My diagnostic odyssey: The limits of genetic testing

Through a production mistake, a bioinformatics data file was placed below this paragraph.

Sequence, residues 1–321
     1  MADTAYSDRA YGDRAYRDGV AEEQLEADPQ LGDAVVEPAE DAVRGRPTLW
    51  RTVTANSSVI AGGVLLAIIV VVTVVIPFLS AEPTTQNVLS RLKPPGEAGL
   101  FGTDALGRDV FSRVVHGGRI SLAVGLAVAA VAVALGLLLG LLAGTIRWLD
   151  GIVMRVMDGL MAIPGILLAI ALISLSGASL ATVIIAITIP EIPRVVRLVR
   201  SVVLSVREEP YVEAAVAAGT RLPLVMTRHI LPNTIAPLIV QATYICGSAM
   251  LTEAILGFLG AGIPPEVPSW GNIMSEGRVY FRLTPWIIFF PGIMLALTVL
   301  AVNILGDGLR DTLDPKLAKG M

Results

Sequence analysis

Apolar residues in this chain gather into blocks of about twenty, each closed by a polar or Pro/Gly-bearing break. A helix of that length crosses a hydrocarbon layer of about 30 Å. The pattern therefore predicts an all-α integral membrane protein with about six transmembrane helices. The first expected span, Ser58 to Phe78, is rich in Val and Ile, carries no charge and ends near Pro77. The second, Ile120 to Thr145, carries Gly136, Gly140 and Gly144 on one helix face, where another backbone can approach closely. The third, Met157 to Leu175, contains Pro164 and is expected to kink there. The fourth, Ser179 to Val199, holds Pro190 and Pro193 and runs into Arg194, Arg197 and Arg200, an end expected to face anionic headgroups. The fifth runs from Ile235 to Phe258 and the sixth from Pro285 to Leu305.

I am on a “diagnostic odyssey.” That term was unfamiliar to me until I spoke with Joy Larsen Haidle, president of the National Society of Genetic Counselors, whose members help patients determine whether genetic testing for diagnostic purposes makes sense for them. I have an epileptic condition, but despite repeated visits with specialists over several years, I haven’t yet identified a root cause. I’ve only been able to treat and moderate symptoms with medication, and I’m pursuing genetic testing to see if we can discover how the condition started in the first place. As Larsen Haidle explained, the “diagnostic odyssey” is the journey of patients like me who are trying to find out why they’re sick. But the promise of genetic testing cuts in different ways. It can serve as a hopeful option, provide a breakthrough, or lead to another dead end. That amounts to a crapshoot for patients like me. “For patients in that ‘diagnostic odyssey,’ there is definitely value to finding out what is [happening], so they can feel a little bit of power and limit the unknown,” Larsen Haidle told me. But “as smart as we think we have gotten, we cannot identify causes for all things yet.” Genetic testing has made great strides over the last 20 years, she noted, and it helps plenty of patients, particularly those suffering from some types of cancer. “I have been a genetic counselor for 20 years. In the span of m...
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